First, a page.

"I sat down and I wrote a song about what I saw on the cover of this magazine," he said.
"And being the adventurous person that I was at the time," Lightfoot, who had just learned how to drive, persuaded his father to let him drive his car 60 miles to the Toronto offices of BMI, the international publishing rights group.
The young Lightfoot, guitar in hand, demoed "The Hula Hoop Song" for someone at BMI Canada, who ended the meeting with a thanks-but-no-thanks dismissal of "Leave your name with our receptionist and we'll call you." However, the guy also must have heard potential in Lightfoot's music and lyrics because he asked whether he had written anything else.
"I don't even really know how to write music. I don't know anything about notation," Lightfoot told the man.
"It was then that I decided that when I left high school I would go to music school, and that's exactly what I did," Lightfoot said.
Lightfoot said he needed to learn how to put his music and lyrics on paper to protect his intellectual property rights through what is called a "poor man's copyright." That was the practice of sending the sheet music to one's self by registered mail, then leaving the letter unopened until it was needed in a plagiarism case to demonstrate who wrote the song first.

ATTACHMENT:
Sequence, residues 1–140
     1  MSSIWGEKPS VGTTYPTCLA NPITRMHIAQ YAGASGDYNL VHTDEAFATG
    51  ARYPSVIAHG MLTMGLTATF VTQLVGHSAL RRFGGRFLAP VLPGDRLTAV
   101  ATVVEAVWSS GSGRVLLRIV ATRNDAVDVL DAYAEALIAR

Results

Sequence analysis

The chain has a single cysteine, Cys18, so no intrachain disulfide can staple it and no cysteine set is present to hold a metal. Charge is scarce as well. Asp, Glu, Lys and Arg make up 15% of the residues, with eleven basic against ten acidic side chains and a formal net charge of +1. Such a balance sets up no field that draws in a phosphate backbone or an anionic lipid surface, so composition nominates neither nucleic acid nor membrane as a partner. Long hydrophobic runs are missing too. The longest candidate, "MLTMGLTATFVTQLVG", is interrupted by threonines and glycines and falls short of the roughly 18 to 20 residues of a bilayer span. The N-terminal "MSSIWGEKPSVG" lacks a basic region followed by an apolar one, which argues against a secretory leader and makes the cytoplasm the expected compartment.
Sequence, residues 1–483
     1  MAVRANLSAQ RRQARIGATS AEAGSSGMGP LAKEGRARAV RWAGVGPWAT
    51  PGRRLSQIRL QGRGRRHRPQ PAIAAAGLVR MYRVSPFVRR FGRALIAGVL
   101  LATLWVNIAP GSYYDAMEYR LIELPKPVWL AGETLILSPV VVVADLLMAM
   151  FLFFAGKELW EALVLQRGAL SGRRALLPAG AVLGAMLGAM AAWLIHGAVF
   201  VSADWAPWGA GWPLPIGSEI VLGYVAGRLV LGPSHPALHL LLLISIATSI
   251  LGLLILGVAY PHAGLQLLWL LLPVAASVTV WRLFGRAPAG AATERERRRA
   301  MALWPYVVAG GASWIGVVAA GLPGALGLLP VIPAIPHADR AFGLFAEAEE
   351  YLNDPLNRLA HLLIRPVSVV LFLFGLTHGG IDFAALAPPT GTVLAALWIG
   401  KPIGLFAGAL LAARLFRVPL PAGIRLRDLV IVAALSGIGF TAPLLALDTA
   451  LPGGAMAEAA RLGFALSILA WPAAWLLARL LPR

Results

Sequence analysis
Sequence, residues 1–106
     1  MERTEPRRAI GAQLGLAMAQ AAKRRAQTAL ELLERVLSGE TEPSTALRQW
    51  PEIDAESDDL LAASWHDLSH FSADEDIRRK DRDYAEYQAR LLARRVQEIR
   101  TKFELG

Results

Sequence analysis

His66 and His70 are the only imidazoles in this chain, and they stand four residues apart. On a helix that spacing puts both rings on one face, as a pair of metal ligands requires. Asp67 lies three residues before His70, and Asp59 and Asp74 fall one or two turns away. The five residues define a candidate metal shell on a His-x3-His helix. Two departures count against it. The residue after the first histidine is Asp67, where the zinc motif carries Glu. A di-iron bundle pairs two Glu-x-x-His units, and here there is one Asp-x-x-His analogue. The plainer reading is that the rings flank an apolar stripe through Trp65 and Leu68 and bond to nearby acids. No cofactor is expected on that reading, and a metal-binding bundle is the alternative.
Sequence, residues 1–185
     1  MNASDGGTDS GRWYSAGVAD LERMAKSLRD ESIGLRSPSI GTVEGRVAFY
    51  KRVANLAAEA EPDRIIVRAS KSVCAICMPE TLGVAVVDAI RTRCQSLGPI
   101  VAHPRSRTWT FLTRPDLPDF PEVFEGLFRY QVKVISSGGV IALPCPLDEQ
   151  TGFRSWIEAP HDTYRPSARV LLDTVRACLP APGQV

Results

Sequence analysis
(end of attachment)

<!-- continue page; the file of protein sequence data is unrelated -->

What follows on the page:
"I've got a stack of those a foot thick in my house right now," he said with a chuckle.
Eventually, all of Lightfoot's songs were properly registered. Those include such memorable ones as "Early Morning Rain," "If You Could Read My Mind," "Carefree Highway," "Sundown," "(That's What You Get) For Lovin Me," "The Wreck of the Edmund Fitzgerald," "Canadian Railroad Trilogy," "Ribbon of Darkness," "Beautiful," "Song for a Winter's Night" and "Rainy Day People."
Those songs have made Lightfoot one of the best-selling folk-pop artists of all times, but he said his 220 songs and 20 albums pale in comparison to someone like Bob Dylan.
"He has something like about 60 or 70 original albums. It's a huge output," Lightfoot said.
While Dylan may have written many more songs than Lightfoot, Dylan has said, "I can't think of any Gordon Lightfoot song I don't like. Every time I hear a song of his, I wish it would last forever."
Lightfoot said his catalog of songs might be larger were it not for what is required of him to create them.